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The reason is that any class offering an enumerator has to implement the IEnumerable interface. This has just a single method GetEnumerator which returns the instance of the class that provides the methods of the IEnumerator.
If you think about it for a moment it is obvious that IEnumerable has to be implemented by the data collection class that holds the items to be enumerated so we have to add it to the class definition:
The single method that we have to implement is trivial as the instance of the TestCollection class concerned provides its own enumerators, i.e. it is the enumerator to be returned:
Now we can write some code that makes use of our data collection with enumeration. The simplest thing to try out is a foreach loop:
TestCollection col =
foreach (object o in col)
Notice that the iterator o has to be defined as an object. We can use an int in the foreach loop as it supports implicit casting.
foreach (int o in col)
works perfectly unless you happen to return something that can’t be cast to an int at runtime with the result that an exception is raised. If you want to do better then you need to change the enumeration interfaces to their generic forms – which is what we have to do anyway to use LINQ.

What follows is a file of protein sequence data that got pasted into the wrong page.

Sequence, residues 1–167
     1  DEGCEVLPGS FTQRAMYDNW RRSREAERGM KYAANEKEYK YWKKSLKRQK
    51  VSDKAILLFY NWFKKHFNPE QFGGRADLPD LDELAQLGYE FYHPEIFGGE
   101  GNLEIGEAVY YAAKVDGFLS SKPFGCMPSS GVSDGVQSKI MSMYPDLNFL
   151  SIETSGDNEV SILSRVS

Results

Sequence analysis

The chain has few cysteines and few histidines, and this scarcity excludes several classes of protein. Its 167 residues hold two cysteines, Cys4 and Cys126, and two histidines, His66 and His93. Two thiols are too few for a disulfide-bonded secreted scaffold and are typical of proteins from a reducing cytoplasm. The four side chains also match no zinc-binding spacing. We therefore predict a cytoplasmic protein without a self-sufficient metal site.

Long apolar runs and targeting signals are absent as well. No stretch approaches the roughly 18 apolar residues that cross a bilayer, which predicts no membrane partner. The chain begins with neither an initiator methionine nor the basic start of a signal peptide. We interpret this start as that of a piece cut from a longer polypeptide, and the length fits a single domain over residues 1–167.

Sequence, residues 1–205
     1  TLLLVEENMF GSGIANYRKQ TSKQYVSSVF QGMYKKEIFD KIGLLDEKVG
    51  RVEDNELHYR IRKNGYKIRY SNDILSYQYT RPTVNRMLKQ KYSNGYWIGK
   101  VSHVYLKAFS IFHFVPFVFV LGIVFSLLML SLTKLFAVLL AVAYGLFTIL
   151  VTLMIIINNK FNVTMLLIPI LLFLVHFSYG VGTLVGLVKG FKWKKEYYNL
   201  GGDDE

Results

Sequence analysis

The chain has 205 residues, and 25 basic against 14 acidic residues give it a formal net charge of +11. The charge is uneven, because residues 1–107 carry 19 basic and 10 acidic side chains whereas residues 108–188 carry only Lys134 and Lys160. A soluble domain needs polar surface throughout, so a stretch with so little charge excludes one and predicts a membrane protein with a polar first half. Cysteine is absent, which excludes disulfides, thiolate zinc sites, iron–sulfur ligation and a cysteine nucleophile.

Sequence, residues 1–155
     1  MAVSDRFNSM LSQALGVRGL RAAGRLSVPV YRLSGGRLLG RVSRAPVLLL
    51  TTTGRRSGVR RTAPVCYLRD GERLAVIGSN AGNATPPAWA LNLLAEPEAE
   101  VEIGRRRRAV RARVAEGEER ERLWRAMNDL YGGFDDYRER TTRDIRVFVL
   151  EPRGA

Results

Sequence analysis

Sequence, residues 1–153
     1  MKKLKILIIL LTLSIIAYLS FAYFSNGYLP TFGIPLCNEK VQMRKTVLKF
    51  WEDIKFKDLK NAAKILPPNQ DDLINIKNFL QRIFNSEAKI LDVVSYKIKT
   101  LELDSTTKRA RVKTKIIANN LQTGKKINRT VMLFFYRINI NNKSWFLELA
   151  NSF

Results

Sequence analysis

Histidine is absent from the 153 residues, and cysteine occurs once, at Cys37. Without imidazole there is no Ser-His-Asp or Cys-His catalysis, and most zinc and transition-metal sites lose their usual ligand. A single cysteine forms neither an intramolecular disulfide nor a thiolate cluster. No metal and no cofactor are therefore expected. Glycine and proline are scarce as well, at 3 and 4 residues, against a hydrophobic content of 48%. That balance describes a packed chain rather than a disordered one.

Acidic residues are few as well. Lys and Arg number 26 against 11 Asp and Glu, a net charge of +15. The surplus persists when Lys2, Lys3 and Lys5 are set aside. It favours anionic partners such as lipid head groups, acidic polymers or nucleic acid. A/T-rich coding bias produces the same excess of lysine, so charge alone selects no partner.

Separating the enumerator
Before moving on it is worth commenting on why we usually implement the enumerator as a separate class. Consider what happens if we try to use the current enumerator in a nested foreach loop?
The same enumerator would be returned by GetEnumerator and hence the nested loops would interfere with each other.
If you want to write nested loops or allow multiple enumerations to happen concurrently you need to implement the enumerator as a separate class and you need to create an instance of that class each time an enumerator is called for by GetEnumerator.
As nesting of queries is very common we need to do the job properly before moving on to consider LINQ.
All we need to do is separate out the enumeration methods into a new class. This class has to keep track of where it is in the enumeration and it needs to keep track of which instance of the collection it is enumerating:
private TestCollection m_Instance;
private int loc = -1;
If you create the enumeration class as an inner class of the data collection, i.e. TestCollection, it will have access to all of the data collection’s variables and methods and this makes it easier for the two classes to work together.
The only new method we need is a constructor that initialises the enumerator with the current instance of the data collection:
m_Instance = Instance;
The other enumeration methods have to now use m_Instance instead of “this” to make sure they work with the correct instance of the data:
loc = -1;
if (loc > -1)
if (loc < m_Instance.Size)
We also need to change the data collection class so that its GetEnumerator actually creates a new instance of the enumerator:
private Random rnd;
private int Size;
Notice how the use of “this” makes the final connection between the instance and any number of enumerators that are generated.
Now our example code is slightly more complicated but you can use it within nested for each loops and, as we shall see, nested LINQ queries.